Everyday Heroes: Giving life through kidney donation

Jonathan Cohen and Jen Feldman. (KATU Photo)

When Jen Feldman’s kidney was failing, she searched for a donor.

Her family and friends weren’t a match, but she never gave up hope and she found her hero: Jonathan Cohen.

Feldman and Cohen are both members of the same synagogue, Congregation Beth Israel in Northwest Portland.

But a year ago they were merely acquaintances who bumped into each other at Sunday school or during her yearly Taste of Temple fundraiser.

Then one day Cohen read a letter from Feldman sent to temple members. She needed a kidney donor.

“If you ask, you shall receive. And that you’ve got to be willing to ask,” said Feldman. “This is not something you can do on your own.”

Her family didn’t qualify to donate. She had to reach out to strangers. Cohen wanted to help.

“No, I didn’t really know much about kidney donation at all,” he said.

But he felt a connection.

“I don’t know what it was, but I think I turned to my wife after I hung up the call to kind of say I was interested. I was like, ‘It’s gonna be me,’” Cohen said.

But he didn’t even know if he was a match. For Feldman, who’d lost one kidney to cancer 20 years ago and whose other kidney was failing fast, time was not on her side.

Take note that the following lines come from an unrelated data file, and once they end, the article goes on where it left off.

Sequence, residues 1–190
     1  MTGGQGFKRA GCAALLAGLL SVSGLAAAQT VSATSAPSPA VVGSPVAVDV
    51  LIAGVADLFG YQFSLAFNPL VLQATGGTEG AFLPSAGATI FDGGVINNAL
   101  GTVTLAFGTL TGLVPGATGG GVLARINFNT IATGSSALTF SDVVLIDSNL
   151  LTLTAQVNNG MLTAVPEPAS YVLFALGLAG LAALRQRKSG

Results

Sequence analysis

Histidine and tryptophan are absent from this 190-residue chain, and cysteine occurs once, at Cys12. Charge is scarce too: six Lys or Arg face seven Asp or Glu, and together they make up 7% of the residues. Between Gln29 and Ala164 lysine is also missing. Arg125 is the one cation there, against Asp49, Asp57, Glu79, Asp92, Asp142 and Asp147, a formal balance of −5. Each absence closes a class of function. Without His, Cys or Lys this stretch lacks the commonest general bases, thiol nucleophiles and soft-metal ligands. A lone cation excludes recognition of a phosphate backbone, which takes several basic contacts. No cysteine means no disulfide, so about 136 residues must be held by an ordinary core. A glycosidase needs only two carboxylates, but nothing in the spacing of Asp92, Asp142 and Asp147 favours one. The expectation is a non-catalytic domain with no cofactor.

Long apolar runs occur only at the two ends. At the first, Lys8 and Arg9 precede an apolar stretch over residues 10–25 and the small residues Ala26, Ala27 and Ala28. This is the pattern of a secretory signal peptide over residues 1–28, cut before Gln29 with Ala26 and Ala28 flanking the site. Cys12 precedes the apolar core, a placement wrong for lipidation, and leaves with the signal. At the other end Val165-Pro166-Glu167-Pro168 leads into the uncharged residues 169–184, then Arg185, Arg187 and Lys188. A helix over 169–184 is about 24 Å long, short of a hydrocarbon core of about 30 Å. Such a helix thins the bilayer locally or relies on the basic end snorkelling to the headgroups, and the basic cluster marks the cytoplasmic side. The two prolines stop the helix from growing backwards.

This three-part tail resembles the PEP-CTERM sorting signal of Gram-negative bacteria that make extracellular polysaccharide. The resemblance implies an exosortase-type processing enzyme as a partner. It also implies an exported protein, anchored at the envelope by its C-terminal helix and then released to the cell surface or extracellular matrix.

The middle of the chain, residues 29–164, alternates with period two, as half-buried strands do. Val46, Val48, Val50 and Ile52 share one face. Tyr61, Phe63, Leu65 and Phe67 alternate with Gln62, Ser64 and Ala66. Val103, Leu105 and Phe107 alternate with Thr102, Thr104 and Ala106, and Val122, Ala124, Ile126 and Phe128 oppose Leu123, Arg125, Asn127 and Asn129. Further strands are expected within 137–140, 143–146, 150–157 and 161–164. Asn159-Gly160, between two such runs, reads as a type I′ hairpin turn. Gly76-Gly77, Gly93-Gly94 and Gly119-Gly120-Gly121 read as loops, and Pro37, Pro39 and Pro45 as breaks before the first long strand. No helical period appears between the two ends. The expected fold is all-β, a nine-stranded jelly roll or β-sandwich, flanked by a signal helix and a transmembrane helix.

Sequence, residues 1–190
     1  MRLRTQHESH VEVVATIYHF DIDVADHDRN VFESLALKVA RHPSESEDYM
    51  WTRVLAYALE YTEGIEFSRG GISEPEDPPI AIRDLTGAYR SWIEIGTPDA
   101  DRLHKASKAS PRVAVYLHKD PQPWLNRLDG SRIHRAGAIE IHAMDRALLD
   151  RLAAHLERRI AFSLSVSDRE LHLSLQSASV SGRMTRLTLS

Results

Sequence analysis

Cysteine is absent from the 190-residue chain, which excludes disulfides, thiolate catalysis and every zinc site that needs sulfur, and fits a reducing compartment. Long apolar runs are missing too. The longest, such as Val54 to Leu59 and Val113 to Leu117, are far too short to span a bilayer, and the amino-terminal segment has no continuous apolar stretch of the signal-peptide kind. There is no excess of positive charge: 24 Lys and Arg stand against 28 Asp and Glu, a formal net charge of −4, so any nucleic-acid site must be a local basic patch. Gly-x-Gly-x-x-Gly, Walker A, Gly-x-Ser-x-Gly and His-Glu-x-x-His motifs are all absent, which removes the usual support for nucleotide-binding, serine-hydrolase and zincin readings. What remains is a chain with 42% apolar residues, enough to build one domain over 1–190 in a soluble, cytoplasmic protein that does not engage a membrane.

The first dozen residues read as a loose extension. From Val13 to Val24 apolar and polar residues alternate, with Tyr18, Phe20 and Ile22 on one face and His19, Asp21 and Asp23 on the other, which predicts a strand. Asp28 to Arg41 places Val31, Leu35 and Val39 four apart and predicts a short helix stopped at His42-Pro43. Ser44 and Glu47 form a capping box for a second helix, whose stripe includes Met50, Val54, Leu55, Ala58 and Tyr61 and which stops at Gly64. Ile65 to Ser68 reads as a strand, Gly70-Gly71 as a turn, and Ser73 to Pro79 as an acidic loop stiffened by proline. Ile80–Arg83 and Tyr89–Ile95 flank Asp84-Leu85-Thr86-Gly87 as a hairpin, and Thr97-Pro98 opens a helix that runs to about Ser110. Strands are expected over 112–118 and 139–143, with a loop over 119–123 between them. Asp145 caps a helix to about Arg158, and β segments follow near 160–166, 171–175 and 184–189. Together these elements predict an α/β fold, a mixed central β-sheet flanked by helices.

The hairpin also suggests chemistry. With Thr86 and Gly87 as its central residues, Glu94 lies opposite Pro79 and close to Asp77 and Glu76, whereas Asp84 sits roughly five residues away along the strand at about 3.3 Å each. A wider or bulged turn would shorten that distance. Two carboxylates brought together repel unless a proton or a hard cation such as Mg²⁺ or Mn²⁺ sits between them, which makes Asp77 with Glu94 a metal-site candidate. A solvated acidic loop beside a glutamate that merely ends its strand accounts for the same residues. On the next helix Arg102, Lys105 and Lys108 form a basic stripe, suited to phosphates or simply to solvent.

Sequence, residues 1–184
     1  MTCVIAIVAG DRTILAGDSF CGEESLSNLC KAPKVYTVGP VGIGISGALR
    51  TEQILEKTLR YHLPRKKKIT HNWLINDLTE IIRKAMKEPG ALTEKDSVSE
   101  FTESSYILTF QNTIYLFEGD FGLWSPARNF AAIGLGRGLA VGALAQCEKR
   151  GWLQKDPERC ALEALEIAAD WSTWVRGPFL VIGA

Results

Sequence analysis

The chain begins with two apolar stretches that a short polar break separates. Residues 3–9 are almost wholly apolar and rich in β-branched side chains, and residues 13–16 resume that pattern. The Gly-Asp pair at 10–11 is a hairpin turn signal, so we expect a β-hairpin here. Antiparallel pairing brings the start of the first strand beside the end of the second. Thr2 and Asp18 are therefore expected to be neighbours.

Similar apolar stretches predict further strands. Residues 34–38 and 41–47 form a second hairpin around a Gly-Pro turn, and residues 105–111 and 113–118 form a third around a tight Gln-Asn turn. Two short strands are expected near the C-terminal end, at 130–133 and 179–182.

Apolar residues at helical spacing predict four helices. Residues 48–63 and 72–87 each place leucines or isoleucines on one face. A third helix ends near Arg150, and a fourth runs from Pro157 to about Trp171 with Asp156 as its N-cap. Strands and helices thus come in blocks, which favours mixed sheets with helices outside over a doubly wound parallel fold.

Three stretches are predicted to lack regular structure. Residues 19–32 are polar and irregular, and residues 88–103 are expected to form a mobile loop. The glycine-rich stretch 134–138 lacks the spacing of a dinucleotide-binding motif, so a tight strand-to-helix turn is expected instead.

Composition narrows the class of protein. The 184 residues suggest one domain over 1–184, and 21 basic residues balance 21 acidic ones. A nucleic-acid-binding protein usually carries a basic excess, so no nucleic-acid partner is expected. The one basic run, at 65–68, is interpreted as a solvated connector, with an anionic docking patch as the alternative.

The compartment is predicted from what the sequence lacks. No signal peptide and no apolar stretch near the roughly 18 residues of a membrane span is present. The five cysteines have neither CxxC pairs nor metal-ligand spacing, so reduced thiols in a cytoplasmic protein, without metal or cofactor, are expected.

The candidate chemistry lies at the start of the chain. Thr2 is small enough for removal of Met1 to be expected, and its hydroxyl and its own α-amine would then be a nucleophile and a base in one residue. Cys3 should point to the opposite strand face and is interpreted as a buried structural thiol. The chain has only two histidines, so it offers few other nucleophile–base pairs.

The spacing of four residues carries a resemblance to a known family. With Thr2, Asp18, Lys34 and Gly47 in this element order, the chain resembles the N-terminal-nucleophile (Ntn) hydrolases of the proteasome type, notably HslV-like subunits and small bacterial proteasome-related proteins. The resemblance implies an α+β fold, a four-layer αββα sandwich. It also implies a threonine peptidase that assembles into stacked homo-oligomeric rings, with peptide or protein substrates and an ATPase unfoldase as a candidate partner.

“It really was a life and death situation for Jen,” said Cohen. “She really was down to the very last bit of her kidney function.”

After a bunch of tests of his physical and his emotional well-being, Cohen learned he was a match. That was good for Feldman, because her doctor had told her she should hope for a male kidney, because they’re bigger and she needed all the help she could get.

Said Cohen: “They said, ‘Hey, good news, you’ve passed all the tests. You’re a match, and we just have to get approval and you can donate. And by the way, you’re the only match.’ So that … just really gave me chills – like whoa, this is really serious and thrilling and exciting at the same time.”

The transplant was a success.

“I truly feel a miracle has happened in my life,” Feldman said. “I wake up every morning and think about, and go to bed every night and think about, that someone gave me a living organ to put in my body to save my life.”

And for Cohen, it added life to his days.

“Who doesn’t like being the hero in the movies or whatnot,” he said. “So to be able to be that in real life I thought was a pretty cool opportunity.”

Both Feldman and Cohen advocate for Donate Life Northwest. The local group has a living donor program that helps donors and recipients through the process.

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